This page contains a Flash digital edition of a book.
Lighter living INDOORS AND OUTDOORS Flat Living interviewed Keith Edgar to get the low down on retirement flats.


For a number of reasons, but generally to enjoy independent living - your age is only a number on your birth certificate, it doesn’t mean you want to stop enjoying life. Retirement properties offer you the benefit of owning your own property without the difficulties that go with it. People often want to move to be nearer to family, and this rolled up with being able to meet and mix with other people of similar age appeals to many.


One of the main things is the reassurance that there are people around you 24/7, says Peverel Retirement managing director Keith Edgar. “Most retirement developments employ a house manager to run the property between 9am and 5pm,” he says, “and 24 hour response systems offer the comfort of assistance from highly trained emergency staff who are able to handle an array of circumstances like illness or injury.” Also available are residents’ lounges for meeting with friends, coffee

mornings or other social events. Gardens and grounds are often available and are maintained by site staff, for people to enjoy without the workload. Other benefits include communal laundry, lift, car park and a guest suite for friends and family to enjoy when they visit. Edgar adds retirement home ownership also offers the benefit of known costs, rather than having to finance repairs and maintenance as and when they occur. “The monthly service charge payments smooth out these costs,” he explains. “This is very important when, as is the case in the current economic climate, many savings plans are not stretching as far as they were.”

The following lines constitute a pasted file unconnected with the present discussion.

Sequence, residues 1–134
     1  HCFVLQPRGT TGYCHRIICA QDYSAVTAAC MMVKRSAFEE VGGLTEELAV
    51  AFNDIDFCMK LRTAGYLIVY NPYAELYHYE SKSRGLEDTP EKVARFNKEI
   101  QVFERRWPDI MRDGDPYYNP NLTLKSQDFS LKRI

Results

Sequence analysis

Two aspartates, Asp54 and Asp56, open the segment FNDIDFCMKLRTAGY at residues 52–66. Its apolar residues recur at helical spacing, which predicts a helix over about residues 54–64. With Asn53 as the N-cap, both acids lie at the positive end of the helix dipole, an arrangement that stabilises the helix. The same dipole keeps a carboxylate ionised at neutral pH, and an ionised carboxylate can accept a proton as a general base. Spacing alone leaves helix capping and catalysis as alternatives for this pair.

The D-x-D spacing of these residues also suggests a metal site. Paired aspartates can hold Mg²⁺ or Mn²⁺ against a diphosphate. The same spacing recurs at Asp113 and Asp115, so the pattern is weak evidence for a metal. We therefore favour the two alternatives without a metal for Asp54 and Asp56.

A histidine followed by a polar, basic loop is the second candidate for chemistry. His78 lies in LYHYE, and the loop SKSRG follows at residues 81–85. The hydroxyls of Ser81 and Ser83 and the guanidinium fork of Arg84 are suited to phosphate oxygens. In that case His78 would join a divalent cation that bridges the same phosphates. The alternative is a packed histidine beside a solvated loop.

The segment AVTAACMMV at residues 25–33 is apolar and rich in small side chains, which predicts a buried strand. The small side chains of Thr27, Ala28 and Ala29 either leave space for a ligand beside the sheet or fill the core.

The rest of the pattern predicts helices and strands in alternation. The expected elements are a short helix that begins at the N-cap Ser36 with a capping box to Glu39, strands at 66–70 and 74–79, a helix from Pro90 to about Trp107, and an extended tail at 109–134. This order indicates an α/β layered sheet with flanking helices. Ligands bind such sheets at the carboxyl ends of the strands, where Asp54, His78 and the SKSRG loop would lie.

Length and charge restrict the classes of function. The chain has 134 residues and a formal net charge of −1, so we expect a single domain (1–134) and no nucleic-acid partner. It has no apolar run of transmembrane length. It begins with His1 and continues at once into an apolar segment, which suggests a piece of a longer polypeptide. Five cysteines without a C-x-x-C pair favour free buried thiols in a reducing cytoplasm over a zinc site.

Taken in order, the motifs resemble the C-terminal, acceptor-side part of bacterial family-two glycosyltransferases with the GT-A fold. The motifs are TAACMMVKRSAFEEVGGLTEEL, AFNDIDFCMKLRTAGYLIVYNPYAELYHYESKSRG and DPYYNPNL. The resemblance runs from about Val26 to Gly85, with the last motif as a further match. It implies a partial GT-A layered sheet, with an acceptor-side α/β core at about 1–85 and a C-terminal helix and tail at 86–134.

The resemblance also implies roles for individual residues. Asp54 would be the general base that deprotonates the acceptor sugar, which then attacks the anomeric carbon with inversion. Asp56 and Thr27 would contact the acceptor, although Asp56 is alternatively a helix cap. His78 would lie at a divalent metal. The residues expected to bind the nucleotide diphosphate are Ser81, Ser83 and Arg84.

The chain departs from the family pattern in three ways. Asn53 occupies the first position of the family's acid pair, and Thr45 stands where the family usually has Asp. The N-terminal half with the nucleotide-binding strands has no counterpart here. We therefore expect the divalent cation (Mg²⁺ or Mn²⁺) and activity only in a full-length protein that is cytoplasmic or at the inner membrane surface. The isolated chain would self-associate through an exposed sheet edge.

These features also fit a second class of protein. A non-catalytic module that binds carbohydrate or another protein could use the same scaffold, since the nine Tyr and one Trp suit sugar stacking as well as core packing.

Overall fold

The house manager enhances the quality of residents’ lives at the same time as successfully and professionally managing and


maintaining the development. A house manager offers empathy, discipline, consistency and a structured approach to handling the on-going needs of the development. Edgar describes house managers as, “the unsung heroes of everything retirement properties offer”.


Service charges are collected to pay for the general day to day maintenance and upkeep of the property. The money is collected from each resident and pays for insuring the block, maintenance, gardening and running the communal areas as well as paying for your house manager. “Managing a retirement development is like running a small business,” says Edgar. “Not everyone sees the work that goes into health & safety, book keeping and general business management, but the development would not be able to function without them.” The development’s manager is also responsible for collecting

reserve funds, which are then set aside for larger jobs like roof repairs, lift repairs and resurfacing driveways. Budgets are prepared and distributed to each resident, providing a summary of how the money is being spent. The guest suite could be used to raise revenue for your development, so when friends and family use the facility, the payment goes into the development’s funds which helps to keep residents’ service charges down.


Most retirement developments offer a 24/7 response facility, like CarelineUK, that can handle any emergency situation. At the time of an event the call handler has available an emergency contact list for each resident which will include friends and family members as well as details of local hotels and vets, in case of extreme emergencies.

Page 1  |  Page 2  |  Page 3  |  Page 4  |  Page 5  |  Page 6  |  Page 7  |  Page 8  |  Page 9  |  Page 10  |  Page 11  |  Page 12  |  Page 13  |  Page 14  |  Page 15  |  Page 16  |  Page 17  |  Page 18  |  Page 19  |  Page 20  |  Page 21  |  Page 22  |  Page 23  |  Page 24  |  Page 25  |  Page 26  |  Page 27  |  Page 28  |  Page 29  |  Page 30  |  Page 31  |  Page 32  |  Page 33  |  Page 34  |  Page 35  |  Page 36  |  Page 37  |  Page 38  |  Page 39  |  Page 40  |  Page 41  |  Page 42  |  Page 43  |  Page 44  |  Page 45  |  Page 46  |  Page 47  |  Page 48  |  Page 49  |  Page 50  |  Page 51  |  Page 52  |  Page 53  |  Page 54  |  Page 55  |  Page 56